At our January chapter meeting, the brothers feasted on biscuits and sausage gravy as we discussed Article IV of the Augsburg Confession and its Apology. We had a new individual attend from Holy Cross, Moline, Illinois. We look forward to seeing some of you in Naperville next month. There will be two or three from our chapter in attendance, God willing.
We discussed the importance of Article IV–the chief article of our Christian faith, and how a wrong understanding of justification by grace can lead to all sorts of error. The Quad City Brothers rejoice that our justification is all God’s doing because it removes all doubt about our salvation. We discussed various churches who sadly believe (and teach others to believe) that the individual plays a role in their salvation. When the focus is wrong, God is not honored. The result of a focus on the individual and not of Christ was seen in the teaching of lots of popular preachers today (We spent lots of time talking about Joel Osteen!).
Look how clearly our Lutheran Fathers taught this truth in the Apology of the Augsburg Confession:
By their own strength, people cannot fulfill God’s Law. They are all under sin, subject to eternal wrath and death. Because of this, we cannot be freed by the Law from sin and be justified. But the promise of forgiveness of sins and of justification has been given us for Christ’s sake, who was given for us in order that He might make satisfaction for the sins of the world. He has been appointed as the Mediator and Atoning Sacrifice. 41 This promise does not depend on our merits, but freely offers forgiveness of sins and justification, as Paul says in Romans 11:6, “But if it is by grace, it is no longer on the basis of works; otherwise grace would no longer be grace.” And in another place, Romans 3:21, “The righteousness of God has been manifested apart from the law.” In other words, forgiveness of sins is freely offered. Nor does reconciliation depend on our merits. 42 Because if forgiveness of sins were to depend on our merits, and reconciliation were from the Law, it would be useless. Since we do not fulfill the Law, it would also follow that we would never gain the promise of reconciliation. Paul reasons this way in Romans 4:14, “For if it is the adherents of the law who are to be the heirs, faith is null and the promise is void.” If the promise would depend on our merits and the Law, which we never fulfill, it would follow that the promise would be useless.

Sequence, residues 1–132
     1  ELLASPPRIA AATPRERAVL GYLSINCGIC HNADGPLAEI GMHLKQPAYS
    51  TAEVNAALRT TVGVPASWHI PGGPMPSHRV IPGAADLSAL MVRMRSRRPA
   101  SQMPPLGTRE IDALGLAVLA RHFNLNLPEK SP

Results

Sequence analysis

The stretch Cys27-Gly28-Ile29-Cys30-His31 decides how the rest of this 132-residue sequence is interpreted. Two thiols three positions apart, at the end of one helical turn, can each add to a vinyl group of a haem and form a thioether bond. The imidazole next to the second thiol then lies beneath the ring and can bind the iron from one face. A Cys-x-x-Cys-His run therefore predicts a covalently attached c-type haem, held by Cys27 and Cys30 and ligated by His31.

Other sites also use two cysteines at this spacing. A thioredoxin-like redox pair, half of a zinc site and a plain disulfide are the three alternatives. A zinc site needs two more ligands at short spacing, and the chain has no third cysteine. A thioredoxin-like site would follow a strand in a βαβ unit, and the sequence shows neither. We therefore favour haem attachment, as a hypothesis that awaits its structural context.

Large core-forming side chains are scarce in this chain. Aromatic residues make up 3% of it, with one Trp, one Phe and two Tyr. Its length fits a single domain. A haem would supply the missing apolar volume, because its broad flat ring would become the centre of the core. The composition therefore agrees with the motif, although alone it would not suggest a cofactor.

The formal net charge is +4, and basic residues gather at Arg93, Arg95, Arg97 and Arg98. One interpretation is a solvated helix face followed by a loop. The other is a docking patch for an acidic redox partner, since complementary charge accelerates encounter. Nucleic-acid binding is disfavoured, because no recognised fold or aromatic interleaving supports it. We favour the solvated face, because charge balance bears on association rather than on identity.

43 Since justification is gained through the free promise, it follows that we cannot justify ourselves. Otherwise, why would there be a need to promise? Since the promise can only be received by faith, the Gospel (which is properly the promise of forgiveness of sins and of justification for Christ’s sake) proclaims the righteousness of faith in Christ. 44 The Law does not teach this, nor is this the righteousness of the Law. For the Law demands our works and our perfection. But, for Christ’s sake, the Gospel freely offers reconciliation to us, who have been vanquished by sin and death. This is received not by works, but by faith alone. This faith does not bring to God confidence in one’s own merits, but only confidence in the promise, or the mercy promised in Christ.
(Source: Concordia : The Lutheran Confessions. Edited by Paul Timothy McCain. St. Louis, MO : Concordia Publishing House, 2005, S. 87)